The rest of this article is only available to active members of Questia

Already a member? Log in now.

Notes for this article

Add a new note
If you are trying to select text to create highlights or citations, remember that you must now click or tap on the first word, and then click or tap on the last word.
One moment ...
Default project is now your active project.
Project items
Notes
Cite this article

Cited article

Style
Citations are available only to our active members.
Buy instant access to cite pages or passages in MLA 8, MLA 7, APA and Chicago citation styles.

(Einhorn, 1992, p. 25)

(Einhorn 25)

(Einhorn 25)

1. Lois J. Einhorn, Abraham Lincoln, the Orator: Penetrating the Lincoln Legend (Westport, CT: Greenwood Press, 1992), 25, http://www.questia.com/read/27419298.

Note: primary sources have slightly different requirements for citation. Please see these guidelines for more information.

Cited article

What to Do with Your Right to Vote?!
Settings

Settings

Typeface
Text size Smaller Larger Reset View mode
Search within

Search within this article

Look up

Look up a word

  • Dictionary
  • Thesaurus
Please submit a word or phrase above.
Print this page

Print this page

Why can't I print more than one page at a time?

Help
Full screen
Items saved from this article
  • Highlights & Notes
  • Citations
Some of your highlights are legacy items.

Highlights saved before July 30, 2012 will not be displayed on their respective source pages.

You can easily re-create the highlights by opening the book page or article, selecting the text, and clicking “Highlight.”

matching results for page

    Questia reader help

    How to highlight and cite specific passages

    1. Click or tap the first word you want to select.
    2. Click or tap the last word you want to select, and you’ll see everything in between get selected.
    3. You’ll then get a menu of options like creating a highlight or a citation from that passage of text.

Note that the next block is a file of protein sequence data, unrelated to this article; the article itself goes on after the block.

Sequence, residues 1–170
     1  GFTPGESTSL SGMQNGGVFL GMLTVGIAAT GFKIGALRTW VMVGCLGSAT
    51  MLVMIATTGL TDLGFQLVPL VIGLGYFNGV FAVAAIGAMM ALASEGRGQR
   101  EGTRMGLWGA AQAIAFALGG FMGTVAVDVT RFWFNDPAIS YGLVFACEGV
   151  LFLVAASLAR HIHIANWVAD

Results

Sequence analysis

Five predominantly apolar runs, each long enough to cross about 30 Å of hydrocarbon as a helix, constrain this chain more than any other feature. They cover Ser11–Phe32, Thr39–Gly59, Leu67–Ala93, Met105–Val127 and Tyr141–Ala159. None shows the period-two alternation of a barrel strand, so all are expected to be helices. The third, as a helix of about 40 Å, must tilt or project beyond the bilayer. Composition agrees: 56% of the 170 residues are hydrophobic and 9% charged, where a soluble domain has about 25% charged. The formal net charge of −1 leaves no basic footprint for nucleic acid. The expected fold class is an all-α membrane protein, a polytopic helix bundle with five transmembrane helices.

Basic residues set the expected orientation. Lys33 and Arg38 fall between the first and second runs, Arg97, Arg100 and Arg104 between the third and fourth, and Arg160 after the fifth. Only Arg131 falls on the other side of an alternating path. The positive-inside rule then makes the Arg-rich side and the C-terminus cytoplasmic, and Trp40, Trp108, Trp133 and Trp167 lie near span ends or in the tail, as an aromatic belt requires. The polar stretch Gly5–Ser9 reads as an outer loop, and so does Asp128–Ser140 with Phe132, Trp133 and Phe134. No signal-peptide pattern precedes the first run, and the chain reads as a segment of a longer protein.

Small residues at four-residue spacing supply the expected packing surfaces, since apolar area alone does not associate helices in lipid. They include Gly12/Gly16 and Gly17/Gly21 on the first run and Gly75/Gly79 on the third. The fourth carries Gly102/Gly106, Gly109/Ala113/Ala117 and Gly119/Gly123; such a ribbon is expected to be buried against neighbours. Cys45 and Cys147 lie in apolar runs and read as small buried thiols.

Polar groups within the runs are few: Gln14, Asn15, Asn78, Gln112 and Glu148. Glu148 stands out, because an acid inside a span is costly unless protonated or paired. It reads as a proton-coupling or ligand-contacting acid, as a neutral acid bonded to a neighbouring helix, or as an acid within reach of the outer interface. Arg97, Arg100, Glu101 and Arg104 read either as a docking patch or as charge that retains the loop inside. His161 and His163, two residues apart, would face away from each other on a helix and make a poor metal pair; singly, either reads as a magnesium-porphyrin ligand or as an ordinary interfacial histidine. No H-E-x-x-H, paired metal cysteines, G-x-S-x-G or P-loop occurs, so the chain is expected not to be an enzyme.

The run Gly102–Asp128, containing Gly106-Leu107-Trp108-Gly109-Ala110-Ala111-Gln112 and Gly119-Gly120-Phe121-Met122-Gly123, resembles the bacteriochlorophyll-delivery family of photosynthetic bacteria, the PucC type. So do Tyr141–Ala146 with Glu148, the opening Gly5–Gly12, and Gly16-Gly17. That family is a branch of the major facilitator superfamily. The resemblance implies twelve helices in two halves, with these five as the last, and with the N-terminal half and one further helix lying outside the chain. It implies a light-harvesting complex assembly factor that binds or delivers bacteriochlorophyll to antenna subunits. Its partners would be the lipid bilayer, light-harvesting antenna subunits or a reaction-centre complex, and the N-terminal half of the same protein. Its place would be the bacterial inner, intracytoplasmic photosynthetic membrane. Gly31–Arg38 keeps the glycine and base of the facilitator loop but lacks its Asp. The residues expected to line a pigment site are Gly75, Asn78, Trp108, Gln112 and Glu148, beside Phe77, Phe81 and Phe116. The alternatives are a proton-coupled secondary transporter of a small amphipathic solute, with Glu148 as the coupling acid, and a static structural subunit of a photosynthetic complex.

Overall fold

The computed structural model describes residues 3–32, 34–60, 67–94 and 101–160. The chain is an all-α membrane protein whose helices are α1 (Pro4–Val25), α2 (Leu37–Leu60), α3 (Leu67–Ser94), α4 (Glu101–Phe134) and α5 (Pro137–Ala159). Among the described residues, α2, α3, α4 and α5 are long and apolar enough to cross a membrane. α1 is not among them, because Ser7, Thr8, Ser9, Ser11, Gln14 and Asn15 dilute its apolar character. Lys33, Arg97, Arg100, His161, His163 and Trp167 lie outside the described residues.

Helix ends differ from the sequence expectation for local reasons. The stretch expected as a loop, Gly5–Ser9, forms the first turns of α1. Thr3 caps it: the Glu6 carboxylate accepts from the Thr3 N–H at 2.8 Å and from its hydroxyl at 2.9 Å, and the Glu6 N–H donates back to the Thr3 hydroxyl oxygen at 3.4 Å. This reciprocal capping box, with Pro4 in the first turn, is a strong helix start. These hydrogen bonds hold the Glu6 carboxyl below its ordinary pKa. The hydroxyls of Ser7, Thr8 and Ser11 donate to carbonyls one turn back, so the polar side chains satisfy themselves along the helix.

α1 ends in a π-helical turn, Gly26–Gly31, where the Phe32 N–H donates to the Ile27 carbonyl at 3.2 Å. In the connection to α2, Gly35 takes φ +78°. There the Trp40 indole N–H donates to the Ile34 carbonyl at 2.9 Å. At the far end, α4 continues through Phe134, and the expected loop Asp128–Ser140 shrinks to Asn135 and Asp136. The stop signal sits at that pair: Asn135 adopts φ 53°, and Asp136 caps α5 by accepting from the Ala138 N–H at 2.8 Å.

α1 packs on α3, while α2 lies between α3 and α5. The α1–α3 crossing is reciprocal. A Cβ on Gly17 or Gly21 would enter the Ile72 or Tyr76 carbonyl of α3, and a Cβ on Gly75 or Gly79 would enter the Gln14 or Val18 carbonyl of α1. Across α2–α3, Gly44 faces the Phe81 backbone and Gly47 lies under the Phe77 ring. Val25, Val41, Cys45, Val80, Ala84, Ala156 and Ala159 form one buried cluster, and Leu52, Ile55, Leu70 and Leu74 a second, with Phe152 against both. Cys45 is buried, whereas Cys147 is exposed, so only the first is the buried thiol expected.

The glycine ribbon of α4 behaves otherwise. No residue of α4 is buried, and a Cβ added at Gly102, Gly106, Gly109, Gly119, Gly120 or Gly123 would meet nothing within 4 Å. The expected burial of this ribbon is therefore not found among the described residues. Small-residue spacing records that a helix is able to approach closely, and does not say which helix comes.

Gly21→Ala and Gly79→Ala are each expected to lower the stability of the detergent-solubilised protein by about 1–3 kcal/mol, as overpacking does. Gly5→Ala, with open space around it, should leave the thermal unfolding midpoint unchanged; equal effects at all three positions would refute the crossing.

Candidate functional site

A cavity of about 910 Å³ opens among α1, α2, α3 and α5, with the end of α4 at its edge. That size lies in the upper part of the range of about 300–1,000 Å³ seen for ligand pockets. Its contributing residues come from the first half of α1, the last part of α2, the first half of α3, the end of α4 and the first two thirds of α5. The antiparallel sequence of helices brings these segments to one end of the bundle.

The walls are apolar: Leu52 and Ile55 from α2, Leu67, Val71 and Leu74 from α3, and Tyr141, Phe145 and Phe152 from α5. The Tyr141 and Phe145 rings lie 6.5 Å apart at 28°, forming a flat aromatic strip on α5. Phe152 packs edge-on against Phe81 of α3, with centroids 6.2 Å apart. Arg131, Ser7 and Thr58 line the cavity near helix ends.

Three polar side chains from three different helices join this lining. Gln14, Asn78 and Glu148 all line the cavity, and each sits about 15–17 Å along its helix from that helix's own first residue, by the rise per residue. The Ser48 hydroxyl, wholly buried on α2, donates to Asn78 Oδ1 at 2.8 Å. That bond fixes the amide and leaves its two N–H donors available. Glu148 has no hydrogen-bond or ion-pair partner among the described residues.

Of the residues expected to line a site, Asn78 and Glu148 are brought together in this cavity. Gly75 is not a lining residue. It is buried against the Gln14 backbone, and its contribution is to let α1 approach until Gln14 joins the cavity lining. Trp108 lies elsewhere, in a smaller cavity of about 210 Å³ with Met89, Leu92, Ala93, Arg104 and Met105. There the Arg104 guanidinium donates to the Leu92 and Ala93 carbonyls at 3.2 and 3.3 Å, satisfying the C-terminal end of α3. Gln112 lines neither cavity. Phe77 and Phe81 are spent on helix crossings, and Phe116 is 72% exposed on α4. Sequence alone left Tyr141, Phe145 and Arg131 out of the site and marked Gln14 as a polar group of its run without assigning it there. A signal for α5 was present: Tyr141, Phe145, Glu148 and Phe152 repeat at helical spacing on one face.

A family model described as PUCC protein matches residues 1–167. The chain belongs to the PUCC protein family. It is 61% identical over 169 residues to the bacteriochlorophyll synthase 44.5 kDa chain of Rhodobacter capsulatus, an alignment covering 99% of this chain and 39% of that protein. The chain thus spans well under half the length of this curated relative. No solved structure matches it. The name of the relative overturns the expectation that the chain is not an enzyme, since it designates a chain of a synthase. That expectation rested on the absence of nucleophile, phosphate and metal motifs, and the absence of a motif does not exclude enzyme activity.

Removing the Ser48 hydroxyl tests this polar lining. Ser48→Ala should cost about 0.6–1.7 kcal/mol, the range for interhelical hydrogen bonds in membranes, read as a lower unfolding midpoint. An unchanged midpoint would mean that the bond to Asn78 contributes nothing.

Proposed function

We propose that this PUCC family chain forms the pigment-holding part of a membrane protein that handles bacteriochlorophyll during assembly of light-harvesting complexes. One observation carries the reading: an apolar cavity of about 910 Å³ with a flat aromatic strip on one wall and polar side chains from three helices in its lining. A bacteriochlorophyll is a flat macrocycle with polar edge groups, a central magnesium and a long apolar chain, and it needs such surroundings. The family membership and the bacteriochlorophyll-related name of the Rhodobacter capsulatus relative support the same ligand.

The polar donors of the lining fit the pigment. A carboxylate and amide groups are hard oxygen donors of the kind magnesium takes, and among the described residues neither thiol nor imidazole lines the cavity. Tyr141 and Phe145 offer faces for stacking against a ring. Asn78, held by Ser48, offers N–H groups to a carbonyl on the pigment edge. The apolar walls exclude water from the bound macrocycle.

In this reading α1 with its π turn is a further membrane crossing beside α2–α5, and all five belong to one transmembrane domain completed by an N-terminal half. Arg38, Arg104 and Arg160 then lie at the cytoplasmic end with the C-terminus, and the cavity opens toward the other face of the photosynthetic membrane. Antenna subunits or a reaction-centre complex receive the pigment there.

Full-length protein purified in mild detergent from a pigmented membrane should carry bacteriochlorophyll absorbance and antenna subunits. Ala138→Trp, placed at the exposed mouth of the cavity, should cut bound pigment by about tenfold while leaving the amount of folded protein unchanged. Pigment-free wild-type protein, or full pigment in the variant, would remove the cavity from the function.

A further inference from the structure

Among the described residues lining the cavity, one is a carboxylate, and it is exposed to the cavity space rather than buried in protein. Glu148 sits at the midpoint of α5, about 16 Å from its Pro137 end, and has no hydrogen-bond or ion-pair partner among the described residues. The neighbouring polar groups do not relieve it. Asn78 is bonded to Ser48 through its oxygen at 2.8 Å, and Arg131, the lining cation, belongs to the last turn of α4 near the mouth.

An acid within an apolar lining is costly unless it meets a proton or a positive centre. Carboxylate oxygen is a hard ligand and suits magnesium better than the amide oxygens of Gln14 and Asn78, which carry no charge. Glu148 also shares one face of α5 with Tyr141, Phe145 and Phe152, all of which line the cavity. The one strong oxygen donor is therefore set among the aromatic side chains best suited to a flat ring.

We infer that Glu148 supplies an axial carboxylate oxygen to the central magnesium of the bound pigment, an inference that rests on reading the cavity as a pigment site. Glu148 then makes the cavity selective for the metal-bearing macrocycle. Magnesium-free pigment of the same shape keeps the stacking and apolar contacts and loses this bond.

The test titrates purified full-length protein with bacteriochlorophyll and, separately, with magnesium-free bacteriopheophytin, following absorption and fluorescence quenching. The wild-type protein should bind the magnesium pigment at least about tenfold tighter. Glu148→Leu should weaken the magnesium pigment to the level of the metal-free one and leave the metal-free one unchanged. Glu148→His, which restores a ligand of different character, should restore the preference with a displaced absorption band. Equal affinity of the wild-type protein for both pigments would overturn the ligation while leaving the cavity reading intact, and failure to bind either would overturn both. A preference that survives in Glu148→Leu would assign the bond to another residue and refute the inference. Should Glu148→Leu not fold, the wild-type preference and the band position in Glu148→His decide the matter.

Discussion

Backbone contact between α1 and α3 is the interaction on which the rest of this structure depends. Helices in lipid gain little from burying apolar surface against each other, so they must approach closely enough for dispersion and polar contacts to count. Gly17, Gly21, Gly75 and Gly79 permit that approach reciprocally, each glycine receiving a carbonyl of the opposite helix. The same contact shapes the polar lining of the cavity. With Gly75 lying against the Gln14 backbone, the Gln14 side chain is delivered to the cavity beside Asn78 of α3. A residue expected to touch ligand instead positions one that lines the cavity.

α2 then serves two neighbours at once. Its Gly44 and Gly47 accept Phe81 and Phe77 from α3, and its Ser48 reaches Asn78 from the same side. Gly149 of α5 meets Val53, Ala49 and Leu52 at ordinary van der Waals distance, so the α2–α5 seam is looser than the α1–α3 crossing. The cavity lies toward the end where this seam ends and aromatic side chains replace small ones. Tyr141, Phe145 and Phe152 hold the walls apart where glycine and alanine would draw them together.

OK, got it!

    Cited passage

    Style
    Citations are available only to our active members.
    Buy instant access to cite pages or passages in MLA 8, MLA 7, APA and Chicago citation styles.

    "Portraying himself as an honest, ordinary person helped Lincoln identify with his audiences." (Einhorn, 1992, p. 25).

    "Portraying himself as an honest, ordinary person helped Lincoln identify with his audiences." (Einhorn 25)

    "Portraying himself as an honest, ordinary person helped Lincoln identify with his audiences." (Einhorn 25)

    "Portraying himself as an honest, ordinary person helped Lincoln identify with his audiences."1

    1. Lois J. Einhorn, Abraham Lincoln, the Orator: Penetrating the Lincoln Legend (Westport, CT: Greenwood Press, 1992), 25, http://www.questia.com/read/27419298.

    Cited passage

    Thanks for trying Questia!

    Please continue trying out our research tools, but please note, full functionality is available only to our active members.

    Your work will be lost once you leave this Web page.

    Buy instant access to save your work.

    Already a member? Log in now.

    Search by... Author
    Show... All Results Primary Sources Peer-reviewed

    Oops!

    An unknown error has occurred. Please click the button below to reload the page. If the problem persists, please try again in a little while.